- REBNY Value Proposition
- William C. Rudin | REBNY Chairperson
- James Whelan | REBNY President
- John H. Banks | REBNY President Emeritus
- Code of Ethics
- REBNY Residential Listing Service
- Become a Member
- Benefits & Rewards
- REBNY Action Network
- REBNY Services
- Our History
- Contact Us
- Looking for a NYC real estate broker?
- Contests & Awards
- Sponsorship Opportunities
- REAL ESTATE EDUCATION
- MEMBER SPOTLIGHT
- GIVING BACK
Tishman Speyer, Ingels bringing leaning tower, spiral to evolving NYC skyline
February 24, 2016
New York City’s High Line, which recently completed its third and final phase in 2014, is on track for a dramatic vertical extension, courtesy of Tishman Speyer.
The project in question is a breathtaking 65-story, $3 billion tower located at 66 Hudson Boulevard, making it the “dot at the end of the question mark,” according to designer Bjarke Ingels.
However, this will be no ordinary skyscraper – Tishman Speyer’s “Spiral” will function as a thematic extension of the park, featuring transparent glass walls and cascading outdoor terraces with foliage on every tenant floor. These terraces, if laid end-to-end, would stretch for half a mile, and will be complemented by additional greenery in the interior of the building, creating a truly unique experience for the Spiral’s tenants.
Notably, one of Ingels’ other recent projects is Two World Trade Center, which will also sport a unique architectural design. 2 WTC will be almost as tall as One World Trade at 1,340 feet, and will create the illusion of “leaning” towards it through a design that suggests that the tower is comprised of seven blocks stacked on top of one another.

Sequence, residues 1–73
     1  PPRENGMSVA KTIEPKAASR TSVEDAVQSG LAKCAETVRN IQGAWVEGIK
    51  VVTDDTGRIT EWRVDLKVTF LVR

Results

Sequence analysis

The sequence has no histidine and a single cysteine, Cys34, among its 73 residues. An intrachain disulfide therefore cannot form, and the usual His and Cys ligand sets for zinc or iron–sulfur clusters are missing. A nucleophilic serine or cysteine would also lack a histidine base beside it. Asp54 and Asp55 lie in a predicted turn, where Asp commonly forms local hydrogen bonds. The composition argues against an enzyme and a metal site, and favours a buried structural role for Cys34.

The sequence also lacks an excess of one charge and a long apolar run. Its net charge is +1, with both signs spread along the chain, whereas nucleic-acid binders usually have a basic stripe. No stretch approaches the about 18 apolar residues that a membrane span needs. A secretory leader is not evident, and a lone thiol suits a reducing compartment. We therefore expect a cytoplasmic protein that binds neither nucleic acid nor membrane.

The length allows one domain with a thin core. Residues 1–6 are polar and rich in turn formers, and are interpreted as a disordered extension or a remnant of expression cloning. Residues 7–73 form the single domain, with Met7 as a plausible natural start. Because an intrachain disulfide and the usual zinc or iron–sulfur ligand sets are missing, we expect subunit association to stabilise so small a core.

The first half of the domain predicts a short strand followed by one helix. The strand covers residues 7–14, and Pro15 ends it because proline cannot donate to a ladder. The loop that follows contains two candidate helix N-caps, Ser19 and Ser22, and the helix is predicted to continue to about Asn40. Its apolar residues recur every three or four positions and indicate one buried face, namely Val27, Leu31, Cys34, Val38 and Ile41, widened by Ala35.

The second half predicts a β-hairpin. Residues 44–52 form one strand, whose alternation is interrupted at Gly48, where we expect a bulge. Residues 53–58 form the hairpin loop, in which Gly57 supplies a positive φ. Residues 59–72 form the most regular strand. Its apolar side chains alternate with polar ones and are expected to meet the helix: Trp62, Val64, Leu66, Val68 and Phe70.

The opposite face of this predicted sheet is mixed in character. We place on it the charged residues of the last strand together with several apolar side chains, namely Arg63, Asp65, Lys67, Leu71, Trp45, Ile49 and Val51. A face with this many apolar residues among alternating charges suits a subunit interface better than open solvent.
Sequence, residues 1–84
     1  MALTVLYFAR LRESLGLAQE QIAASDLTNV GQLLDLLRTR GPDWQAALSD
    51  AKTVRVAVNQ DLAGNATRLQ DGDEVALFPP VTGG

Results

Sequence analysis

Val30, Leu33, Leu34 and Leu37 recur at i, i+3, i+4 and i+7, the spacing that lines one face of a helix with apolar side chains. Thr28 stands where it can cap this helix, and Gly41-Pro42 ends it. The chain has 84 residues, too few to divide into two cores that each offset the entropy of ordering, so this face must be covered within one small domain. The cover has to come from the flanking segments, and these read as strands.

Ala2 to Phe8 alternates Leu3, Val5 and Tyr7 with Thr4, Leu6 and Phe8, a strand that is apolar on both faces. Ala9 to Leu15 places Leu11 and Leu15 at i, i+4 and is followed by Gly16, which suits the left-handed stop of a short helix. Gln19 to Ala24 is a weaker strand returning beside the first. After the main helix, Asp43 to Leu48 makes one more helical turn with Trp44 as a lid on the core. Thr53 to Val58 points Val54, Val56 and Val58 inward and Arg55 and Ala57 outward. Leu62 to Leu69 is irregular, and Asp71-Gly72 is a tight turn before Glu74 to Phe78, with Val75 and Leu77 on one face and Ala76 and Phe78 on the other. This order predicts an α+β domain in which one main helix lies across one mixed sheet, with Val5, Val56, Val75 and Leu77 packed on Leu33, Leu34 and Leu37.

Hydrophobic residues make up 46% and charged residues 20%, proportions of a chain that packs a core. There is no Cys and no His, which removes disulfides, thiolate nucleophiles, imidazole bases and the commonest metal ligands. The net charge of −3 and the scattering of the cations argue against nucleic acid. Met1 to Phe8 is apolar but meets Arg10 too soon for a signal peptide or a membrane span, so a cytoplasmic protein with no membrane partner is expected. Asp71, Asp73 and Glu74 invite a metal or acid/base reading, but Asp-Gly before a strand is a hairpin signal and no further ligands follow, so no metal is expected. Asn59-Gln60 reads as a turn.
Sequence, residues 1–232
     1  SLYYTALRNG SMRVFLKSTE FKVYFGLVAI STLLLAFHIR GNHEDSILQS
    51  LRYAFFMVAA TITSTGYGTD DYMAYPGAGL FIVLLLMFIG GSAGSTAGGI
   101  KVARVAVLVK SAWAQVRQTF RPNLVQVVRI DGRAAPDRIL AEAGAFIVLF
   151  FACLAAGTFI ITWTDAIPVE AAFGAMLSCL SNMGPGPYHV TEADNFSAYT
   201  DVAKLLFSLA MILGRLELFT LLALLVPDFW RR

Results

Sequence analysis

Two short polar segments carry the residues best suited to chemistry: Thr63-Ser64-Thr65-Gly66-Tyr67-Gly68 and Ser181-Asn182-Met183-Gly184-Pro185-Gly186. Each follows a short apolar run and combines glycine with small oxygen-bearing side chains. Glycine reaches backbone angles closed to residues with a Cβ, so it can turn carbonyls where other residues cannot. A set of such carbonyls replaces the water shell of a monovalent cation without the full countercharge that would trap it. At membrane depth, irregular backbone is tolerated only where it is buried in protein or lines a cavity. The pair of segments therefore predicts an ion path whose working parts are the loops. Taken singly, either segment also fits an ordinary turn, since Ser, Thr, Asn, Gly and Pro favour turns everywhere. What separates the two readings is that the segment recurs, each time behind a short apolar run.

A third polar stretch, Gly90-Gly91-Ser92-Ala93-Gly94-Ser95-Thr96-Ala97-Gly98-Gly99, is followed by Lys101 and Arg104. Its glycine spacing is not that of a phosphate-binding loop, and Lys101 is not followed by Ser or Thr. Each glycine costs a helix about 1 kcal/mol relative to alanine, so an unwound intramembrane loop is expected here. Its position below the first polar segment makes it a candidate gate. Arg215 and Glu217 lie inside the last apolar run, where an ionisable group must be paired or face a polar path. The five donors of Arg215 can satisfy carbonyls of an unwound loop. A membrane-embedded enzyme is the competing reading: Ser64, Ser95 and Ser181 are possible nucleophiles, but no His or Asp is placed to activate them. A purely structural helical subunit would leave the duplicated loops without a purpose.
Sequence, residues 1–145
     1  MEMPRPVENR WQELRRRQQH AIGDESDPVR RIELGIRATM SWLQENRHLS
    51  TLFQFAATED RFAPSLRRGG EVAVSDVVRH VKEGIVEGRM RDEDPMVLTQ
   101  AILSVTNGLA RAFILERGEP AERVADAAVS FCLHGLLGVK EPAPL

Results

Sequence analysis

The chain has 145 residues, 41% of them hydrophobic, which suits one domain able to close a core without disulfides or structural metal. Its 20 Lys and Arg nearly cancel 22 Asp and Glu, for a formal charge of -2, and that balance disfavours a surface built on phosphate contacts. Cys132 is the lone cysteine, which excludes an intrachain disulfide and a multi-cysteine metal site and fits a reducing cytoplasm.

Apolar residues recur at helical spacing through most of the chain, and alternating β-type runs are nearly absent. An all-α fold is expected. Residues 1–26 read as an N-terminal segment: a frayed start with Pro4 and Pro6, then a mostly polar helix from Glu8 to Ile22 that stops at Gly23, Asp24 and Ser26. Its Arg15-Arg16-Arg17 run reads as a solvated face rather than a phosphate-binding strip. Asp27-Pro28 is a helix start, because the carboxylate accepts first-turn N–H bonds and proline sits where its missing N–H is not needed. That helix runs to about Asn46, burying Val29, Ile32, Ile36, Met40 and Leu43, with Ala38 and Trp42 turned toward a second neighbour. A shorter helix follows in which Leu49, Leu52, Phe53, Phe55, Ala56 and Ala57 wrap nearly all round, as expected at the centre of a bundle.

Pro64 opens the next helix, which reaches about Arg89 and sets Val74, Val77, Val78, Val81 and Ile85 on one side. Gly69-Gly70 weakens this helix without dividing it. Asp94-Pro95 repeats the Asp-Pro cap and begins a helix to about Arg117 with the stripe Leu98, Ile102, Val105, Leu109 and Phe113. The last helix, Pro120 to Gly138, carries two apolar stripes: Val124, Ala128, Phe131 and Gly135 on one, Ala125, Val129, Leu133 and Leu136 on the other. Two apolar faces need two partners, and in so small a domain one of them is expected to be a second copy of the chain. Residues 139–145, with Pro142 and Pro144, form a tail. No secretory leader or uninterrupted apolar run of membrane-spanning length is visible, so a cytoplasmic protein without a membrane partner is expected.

The imaginative and progressive design of the Spiral is not just for show – it also reflects trends which Ingels and Tishman Speyer’s President Rob Speyer have identified in today’s marketplace.
The open and transparent structure promotes the ideas of creativity, collaboration, and teamwork, which are traits that are not only desired in the modern workplace, but also directions that it is leaning more towards as technology continues to bring companies even closer to their clients and to each other. The desire for outdoor amenities, such as roof decks and terraces, also played a large role in the decision, as these types of amenities can greatly increase the value of a space.
The 2.85-million square foot Spiral will also provide exciting opportunities for retailers. Its base will house 27,000 s/f of retail space, and due to its prime location adjacent to Hudson Park and the subway’s newest 7 train station at 34th Street and 10th Avenue, Tishman Speyer’s new tower will certainly become an instant hot spot among visitors to the High Line, future residents of Hudson Yards, and the City’s millions of tourists from around the world.
The Spiral will be the next step in New York City’s evolving landscape. With Hudson Yards still under construction, the 7 train now extended to 10th Avenue, the High Line completed, and many other projects in the works all over the city, the next few years look very exciting.
Part of what allows New York to maintain its position as the greatest city in the world is its constant improvements upon itself, and projects like the Spiral show that New York is hitting the ground running in 2016 and shows no signs of slowing down.